Russia — What kind of Country?
After 2 pm on New Year’s eve, those whose hobby is following the activity of the Russian stock market will have to find a new way to amuse themselves for a while. The markets will shut down at that time and they will not reopen, per Kremlin order, until Sunday — yes, Sunday — January 11th.
Just what kind of crazy “country” are we dealing with here, anyway?
You might think that ten days is an absurdly long time to shut down the national economy, but in fact for Russians it’s not nearly enough. Last Wednesday the Moscow Times reported:
With investors preparing for the holidays and many international funds closed until January, Russia’s equity markets look set for a quiet last two weeks. But the state may also seek to use the Christmas lull to buy up domestic equities as a consolation boost to finish out 2008. The state’s main bailout vehicle, Vneshekonombank, or VEB, will likely take advantage of the low trading volume on the MICEX and RTS exchanges in the coming days to prop up prices, analysts said, which could mitigate — if briefly — what has been a particularly dismal year for Russian stocks.
So the Russians need two weeks to prepare for ten days of binge drinking and doing even less than usual, and the Kremlin is planning to take advantage of this pre-lull miasma to invade and manipulate the stock market, driving its prices up artificially so as to create the illusion of an end-of–year uptick. Ironically, even the MT itself is affected, and won’t publish another issue during Russia’s national orgy of drinking. Its next outing will not come until January 12th.
There’s only one word for all of this, and that words is: Yikes!
On Christmas Eve oil prices hit a four-year low in London, slipping under $38/barrel for the first time since 2004. The price of crude oil is down 78% since July, and the Russian stock market has followed it jot for jot. Finally unmasked, the world can now see that Russophile insistence that there was more to the Putin economy than the accident of world oil prices were nothing but hot air, smoke and mirrors.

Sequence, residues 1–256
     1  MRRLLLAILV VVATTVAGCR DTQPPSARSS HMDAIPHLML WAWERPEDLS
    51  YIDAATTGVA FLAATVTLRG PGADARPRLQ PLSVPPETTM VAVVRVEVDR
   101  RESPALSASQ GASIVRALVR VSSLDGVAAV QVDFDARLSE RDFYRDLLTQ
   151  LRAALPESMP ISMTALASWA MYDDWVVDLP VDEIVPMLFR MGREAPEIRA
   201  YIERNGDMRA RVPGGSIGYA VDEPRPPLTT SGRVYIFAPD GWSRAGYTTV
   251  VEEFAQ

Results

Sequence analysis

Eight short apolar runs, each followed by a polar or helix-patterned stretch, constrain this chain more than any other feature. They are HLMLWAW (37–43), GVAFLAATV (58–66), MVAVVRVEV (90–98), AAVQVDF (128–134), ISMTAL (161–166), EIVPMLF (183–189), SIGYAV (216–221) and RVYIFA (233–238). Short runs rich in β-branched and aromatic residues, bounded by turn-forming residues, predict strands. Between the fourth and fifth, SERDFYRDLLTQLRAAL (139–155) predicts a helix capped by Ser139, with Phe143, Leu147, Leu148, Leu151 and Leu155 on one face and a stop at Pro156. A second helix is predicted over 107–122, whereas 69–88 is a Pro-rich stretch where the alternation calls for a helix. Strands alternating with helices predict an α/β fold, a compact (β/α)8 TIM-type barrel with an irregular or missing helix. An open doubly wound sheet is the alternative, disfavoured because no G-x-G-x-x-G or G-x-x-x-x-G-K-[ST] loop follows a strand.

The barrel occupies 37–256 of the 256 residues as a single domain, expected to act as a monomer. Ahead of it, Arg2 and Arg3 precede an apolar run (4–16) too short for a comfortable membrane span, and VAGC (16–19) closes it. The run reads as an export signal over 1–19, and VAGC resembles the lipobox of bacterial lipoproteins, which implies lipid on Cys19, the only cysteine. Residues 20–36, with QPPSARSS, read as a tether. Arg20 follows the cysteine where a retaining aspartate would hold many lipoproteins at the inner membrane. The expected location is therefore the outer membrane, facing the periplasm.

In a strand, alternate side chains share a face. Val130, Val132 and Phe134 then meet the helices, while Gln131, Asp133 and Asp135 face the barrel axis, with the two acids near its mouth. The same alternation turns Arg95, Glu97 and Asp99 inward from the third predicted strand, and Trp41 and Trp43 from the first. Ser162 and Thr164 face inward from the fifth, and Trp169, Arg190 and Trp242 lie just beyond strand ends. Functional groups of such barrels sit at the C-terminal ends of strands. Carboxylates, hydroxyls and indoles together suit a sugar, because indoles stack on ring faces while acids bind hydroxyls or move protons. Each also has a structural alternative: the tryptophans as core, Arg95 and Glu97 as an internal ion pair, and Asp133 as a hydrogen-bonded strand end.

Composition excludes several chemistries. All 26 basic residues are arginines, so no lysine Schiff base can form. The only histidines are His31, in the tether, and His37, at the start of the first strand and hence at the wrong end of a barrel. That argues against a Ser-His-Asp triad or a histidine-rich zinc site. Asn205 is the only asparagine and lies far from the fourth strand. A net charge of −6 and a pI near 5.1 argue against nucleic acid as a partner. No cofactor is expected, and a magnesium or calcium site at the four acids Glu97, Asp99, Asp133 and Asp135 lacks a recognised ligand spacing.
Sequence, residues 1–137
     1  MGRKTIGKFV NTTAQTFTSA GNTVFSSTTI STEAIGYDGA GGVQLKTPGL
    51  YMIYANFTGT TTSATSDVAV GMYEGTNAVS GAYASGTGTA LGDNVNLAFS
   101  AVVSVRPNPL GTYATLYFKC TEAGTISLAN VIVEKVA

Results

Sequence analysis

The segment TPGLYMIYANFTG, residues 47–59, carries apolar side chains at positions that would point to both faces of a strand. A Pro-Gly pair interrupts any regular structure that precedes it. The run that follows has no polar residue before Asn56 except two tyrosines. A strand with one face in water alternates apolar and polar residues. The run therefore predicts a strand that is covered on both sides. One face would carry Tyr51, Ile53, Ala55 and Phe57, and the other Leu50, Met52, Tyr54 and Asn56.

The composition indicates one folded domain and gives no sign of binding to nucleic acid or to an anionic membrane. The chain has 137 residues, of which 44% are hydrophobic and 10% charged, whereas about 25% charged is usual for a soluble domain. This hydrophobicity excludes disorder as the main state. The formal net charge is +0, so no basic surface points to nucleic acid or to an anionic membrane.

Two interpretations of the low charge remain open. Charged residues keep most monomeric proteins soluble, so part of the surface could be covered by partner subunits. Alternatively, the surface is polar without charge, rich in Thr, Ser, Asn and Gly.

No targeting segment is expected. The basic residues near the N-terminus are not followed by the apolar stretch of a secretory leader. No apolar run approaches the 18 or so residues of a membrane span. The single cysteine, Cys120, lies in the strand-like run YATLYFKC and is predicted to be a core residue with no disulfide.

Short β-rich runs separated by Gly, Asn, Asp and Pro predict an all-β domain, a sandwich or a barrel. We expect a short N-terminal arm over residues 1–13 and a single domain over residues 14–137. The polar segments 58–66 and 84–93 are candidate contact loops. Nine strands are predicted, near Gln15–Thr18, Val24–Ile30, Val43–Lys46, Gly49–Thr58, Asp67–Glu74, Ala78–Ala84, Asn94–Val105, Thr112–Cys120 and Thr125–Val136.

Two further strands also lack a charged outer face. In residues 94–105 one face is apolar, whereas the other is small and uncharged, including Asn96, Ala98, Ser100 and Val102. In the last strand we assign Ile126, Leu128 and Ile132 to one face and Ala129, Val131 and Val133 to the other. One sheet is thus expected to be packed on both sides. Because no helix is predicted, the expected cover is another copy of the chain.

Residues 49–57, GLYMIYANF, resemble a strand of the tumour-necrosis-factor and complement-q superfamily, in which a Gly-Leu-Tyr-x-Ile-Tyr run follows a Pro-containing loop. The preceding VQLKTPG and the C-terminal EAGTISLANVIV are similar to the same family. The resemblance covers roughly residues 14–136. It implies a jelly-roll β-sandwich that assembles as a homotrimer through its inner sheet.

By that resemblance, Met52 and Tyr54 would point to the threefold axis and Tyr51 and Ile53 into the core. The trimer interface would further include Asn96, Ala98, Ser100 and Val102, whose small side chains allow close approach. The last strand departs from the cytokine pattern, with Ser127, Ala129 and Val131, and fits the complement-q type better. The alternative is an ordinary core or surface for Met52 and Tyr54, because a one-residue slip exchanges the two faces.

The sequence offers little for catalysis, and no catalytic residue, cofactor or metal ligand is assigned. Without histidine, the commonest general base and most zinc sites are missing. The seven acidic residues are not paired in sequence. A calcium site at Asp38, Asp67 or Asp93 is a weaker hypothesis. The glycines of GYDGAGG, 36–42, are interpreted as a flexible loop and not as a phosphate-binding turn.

In his decade in power, Vladimir Putin has built nothing, stood for nothing, and creating nothing. He has just been lucky to have reached power at the moment when oil prices took off, and he has squandered the opportunity those windfall revenues gave him to develop Russian infrastructure. Instead, Putin embarked upon a reckless course of provocation against the West, instituting a new cold war and arms race Russia can ill afford.
The result is that now the only “policy” available to Putin is to build Potemkin villages, desperately seeking to conceal the truth about his failure from the people of the country.
But the falling ruble does not lie, and Putin does not have the resources to keep the ruble inflated. After squandering more than a third of Russia’s cash reserves in a futile effort to defend the national currency, he has been forced to devalue, and the currency too has been unmasked as the helpless slave of oil prices. He has been forced to admit that his government lied shamelessly about civilian casualities in Georgia, overstating them by more than factor of ten (!). He has talked big about hanging the President of Georgia up by his privates, yet been forced to leave him in power after being repudiated as the aggressor in Georgia by every civilized nation on the planet. He has made ridiculous noises about joining OPEC and then been forced to eat his words. He has attacked the U.S. relentlessly, failing to realize that U.S. consumption was the only thing keeping his own nation out of the poor house.
He is a failure. But that is not surprising in Russia, which seems to want to be ruled by failures. What kind of nation are we dealing with here?
And more important, how long can we expect such a nation to survive. We have already seen Tsarist Russia and the USSR destroy themselves, both in the space of less than a century. How long before Russia follows right along?